The science of memory distortion has become rigorous and reliable enough to help guide public policy. It should also guide our personal attitudes and actions. In Dr. Tyson’s case, once the evidence of his error was undeniable, he didn’t dig his hole deeper or wish the controversy away. He realized that his memory had conflated his experiences of two memorable and personally significant events that both involved speeches by Mr. Bush. He probably still remembers it the way he described it in his talks — but to his credit, he recognizes that the evidence outweighs his experience, and he has publicly apologized.Eventually? I don't want to beat a dead horse, but the only one to call Tyson on his quotes was not even mentioned in this article, due to editing. It was TheFederalist blog, and it fills in the details. It will be interesting to see whether he continues to use the misquotes.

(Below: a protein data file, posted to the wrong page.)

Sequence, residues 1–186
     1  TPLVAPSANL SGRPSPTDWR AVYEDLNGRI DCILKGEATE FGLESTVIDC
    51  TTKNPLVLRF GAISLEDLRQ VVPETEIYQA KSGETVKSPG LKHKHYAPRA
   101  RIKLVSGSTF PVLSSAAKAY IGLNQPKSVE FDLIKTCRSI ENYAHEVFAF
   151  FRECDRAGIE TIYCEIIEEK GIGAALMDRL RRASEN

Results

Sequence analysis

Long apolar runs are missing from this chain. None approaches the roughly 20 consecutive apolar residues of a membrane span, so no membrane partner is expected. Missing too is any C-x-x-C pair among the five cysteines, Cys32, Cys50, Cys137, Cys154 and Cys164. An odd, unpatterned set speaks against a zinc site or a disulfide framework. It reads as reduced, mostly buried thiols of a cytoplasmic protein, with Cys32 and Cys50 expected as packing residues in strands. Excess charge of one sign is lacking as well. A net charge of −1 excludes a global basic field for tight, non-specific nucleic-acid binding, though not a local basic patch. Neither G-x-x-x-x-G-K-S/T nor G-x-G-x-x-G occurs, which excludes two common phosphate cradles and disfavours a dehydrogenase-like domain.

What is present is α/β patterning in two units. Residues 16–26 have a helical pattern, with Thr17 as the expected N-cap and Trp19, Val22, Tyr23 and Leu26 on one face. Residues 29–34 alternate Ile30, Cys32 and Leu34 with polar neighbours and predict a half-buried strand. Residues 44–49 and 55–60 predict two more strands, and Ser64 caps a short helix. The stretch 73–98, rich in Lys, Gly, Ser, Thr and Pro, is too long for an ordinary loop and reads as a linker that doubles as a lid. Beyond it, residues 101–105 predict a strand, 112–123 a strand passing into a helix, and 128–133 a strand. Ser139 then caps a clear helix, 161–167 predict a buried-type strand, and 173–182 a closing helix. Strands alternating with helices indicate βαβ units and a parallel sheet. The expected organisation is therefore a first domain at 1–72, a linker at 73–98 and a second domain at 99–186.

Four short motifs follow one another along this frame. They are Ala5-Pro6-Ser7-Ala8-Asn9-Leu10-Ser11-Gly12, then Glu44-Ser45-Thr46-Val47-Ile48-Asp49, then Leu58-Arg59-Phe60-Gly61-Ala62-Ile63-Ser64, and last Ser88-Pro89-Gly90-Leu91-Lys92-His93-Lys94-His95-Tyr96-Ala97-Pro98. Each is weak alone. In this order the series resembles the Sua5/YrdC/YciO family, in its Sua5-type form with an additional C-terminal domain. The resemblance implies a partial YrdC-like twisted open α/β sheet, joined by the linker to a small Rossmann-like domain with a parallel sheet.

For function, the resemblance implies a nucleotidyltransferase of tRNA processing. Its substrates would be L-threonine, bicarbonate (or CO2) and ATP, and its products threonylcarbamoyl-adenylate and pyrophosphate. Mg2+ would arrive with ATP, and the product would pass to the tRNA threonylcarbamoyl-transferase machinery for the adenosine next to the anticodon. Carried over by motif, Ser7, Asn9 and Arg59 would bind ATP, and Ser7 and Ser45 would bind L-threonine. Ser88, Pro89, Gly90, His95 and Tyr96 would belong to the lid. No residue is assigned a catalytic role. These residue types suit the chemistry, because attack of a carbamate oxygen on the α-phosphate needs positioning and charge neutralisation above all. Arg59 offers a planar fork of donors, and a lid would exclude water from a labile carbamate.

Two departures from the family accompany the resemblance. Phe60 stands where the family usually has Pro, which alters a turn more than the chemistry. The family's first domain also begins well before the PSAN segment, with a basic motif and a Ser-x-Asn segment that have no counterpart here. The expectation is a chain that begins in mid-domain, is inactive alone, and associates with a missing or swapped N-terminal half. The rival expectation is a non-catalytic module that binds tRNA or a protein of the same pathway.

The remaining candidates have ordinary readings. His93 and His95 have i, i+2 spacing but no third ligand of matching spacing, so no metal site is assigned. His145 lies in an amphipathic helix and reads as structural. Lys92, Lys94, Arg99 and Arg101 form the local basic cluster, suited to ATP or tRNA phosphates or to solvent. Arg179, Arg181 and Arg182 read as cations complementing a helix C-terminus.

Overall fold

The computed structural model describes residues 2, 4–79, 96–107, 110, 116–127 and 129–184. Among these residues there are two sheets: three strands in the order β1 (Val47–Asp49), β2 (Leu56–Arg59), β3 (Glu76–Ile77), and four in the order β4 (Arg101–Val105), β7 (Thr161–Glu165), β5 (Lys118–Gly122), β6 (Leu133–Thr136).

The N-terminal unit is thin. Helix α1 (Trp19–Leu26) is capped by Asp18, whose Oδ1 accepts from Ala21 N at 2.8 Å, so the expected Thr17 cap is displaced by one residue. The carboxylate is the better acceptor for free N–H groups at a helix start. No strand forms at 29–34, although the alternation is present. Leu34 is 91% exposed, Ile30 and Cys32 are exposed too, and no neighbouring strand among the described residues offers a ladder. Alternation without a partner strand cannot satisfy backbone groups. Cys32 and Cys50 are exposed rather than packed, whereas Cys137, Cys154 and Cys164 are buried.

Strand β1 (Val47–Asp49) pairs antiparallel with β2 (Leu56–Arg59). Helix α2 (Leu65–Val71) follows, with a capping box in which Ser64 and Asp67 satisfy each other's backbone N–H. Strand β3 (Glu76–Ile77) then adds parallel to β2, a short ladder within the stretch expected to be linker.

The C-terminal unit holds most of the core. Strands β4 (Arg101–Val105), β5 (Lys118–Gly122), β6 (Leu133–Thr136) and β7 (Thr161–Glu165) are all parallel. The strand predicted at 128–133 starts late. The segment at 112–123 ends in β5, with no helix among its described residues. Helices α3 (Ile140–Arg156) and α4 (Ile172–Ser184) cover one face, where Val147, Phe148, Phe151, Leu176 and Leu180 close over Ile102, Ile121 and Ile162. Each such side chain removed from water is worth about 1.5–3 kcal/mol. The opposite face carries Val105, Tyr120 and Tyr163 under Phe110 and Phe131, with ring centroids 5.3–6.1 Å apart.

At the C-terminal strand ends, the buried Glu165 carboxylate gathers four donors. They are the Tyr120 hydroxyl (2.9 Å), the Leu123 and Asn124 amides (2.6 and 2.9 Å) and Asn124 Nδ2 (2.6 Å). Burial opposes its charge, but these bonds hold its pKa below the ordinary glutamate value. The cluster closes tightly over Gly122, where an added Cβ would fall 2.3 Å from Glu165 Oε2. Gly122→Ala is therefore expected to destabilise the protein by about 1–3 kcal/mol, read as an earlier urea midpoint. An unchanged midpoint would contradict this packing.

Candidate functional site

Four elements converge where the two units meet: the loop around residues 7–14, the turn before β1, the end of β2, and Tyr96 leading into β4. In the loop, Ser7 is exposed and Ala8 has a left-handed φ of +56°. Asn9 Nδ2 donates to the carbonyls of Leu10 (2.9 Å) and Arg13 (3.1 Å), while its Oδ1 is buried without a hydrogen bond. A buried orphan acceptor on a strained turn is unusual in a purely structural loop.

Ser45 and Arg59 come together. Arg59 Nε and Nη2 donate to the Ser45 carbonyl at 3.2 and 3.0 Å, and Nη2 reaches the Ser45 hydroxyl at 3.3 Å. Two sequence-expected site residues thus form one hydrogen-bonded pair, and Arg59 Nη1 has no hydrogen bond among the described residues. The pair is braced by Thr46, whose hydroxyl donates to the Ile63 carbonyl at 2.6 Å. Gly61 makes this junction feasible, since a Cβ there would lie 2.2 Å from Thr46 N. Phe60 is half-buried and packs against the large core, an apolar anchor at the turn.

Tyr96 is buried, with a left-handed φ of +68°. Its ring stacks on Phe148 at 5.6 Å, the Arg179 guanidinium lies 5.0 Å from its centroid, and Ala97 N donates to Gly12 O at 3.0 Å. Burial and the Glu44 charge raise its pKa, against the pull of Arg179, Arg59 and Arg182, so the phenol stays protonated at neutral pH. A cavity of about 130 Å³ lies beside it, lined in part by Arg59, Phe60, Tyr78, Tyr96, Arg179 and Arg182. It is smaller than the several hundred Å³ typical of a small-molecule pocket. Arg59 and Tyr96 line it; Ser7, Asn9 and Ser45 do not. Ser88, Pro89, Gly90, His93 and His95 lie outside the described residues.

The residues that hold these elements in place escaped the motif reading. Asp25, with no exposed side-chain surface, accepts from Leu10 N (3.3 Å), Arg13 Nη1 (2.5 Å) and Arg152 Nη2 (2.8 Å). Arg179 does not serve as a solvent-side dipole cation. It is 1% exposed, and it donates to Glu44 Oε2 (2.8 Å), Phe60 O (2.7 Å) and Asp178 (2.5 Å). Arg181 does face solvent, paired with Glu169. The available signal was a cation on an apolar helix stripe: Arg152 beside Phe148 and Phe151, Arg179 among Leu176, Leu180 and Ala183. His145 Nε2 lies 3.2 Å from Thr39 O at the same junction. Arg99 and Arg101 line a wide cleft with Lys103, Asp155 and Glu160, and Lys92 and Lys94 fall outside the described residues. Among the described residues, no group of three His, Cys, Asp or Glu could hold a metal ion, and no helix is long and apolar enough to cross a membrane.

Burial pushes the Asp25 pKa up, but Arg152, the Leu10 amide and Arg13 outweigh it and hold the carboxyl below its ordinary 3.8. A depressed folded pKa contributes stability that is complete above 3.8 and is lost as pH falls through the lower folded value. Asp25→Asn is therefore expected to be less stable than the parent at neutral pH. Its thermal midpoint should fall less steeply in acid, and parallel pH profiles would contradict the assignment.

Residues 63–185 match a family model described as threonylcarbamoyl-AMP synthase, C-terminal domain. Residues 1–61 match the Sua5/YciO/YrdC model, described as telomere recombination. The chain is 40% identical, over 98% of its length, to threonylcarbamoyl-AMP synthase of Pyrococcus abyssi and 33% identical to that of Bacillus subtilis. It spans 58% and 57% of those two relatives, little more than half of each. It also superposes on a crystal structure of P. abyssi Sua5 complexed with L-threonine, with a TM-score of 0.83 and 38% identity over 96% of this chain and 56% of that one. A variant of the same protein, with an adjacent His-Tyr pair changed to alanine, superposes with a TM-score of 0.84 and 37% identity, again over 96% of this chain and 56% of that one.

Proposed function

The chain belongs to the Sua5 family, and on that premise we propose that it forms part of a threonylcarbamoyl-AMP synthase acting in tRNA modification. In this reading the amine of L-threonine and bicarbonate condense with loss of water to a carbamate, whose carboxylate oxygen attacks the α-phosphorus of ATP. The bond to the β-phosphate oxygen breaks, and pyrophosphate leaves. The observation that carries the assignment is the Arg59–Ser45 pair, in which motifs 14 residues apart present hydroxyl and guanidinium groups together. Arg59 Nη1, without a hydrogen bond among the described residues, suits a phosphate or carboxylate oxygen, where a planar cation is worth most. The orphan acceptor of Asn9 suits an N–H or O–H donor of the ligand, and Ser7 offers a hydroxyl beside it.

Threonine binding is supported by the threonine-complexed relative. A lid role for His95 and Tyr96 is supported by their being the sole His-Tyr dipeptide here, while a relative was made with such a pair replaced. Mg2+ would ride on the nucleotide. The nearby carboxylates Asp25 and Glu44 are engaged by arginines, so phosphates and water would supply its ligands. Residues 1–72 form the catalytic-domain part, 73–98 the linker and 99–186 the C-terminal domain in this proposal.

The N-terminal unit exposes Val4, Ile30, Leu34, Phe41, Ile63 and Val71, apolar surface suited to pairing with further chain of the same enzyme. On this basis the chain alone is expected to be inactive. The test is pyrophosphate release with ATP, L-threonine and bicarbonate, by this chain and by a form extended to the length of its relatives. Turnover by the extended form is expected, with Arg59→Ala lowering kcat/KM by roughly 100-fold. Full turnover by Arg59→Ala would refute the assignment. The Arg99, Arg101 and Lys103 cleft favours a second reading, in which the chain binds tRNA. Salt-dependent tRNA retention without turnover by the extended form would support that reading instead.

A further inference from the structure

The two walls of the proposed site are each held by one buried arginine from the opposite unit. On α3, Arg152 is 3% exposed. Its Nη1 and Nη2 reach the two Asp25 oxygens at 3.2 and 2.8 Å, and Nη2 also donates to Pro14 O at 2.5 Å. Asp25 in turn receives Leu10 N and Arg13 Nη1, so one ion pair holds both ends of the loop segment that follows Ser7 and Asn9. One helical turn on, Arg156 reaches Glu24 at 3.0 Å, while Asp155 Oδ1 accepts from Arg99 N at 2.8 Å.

Dr. Tyson’s decision is especially apt, coming from a scientist. Good scientists remain open to the possibility that they are wrong, and should question their own beliefs until the evidence is overwhelming. We would all be wise to do the same. ...
Politicians should respond as Dr. Tyson eventually did: Stop stonewalling, admit error, note that such things happen, apologize and move on.
Wednesday, December 10, 2014
Update on Tyson quotes
I mentioned Neil Tyson getting caught using some bogus quotes, and now a NY Times op-ed puts a charitable spin on it: